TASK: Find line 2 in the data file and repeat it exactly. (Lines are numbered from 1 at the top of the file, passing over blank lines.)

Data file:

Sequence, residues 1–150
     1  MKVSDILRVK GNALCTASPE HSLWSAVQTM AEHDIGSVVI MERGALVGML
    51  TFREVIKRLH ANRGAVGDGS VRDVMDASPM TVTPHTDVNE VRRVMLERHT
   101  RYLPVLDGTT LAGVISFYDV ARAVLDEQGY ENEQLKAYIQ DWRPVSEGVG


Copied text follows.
     1  MKVSDILRVK GNALCTASPE HSLWSAVQTM AEHDIGSVVI MERGALVGML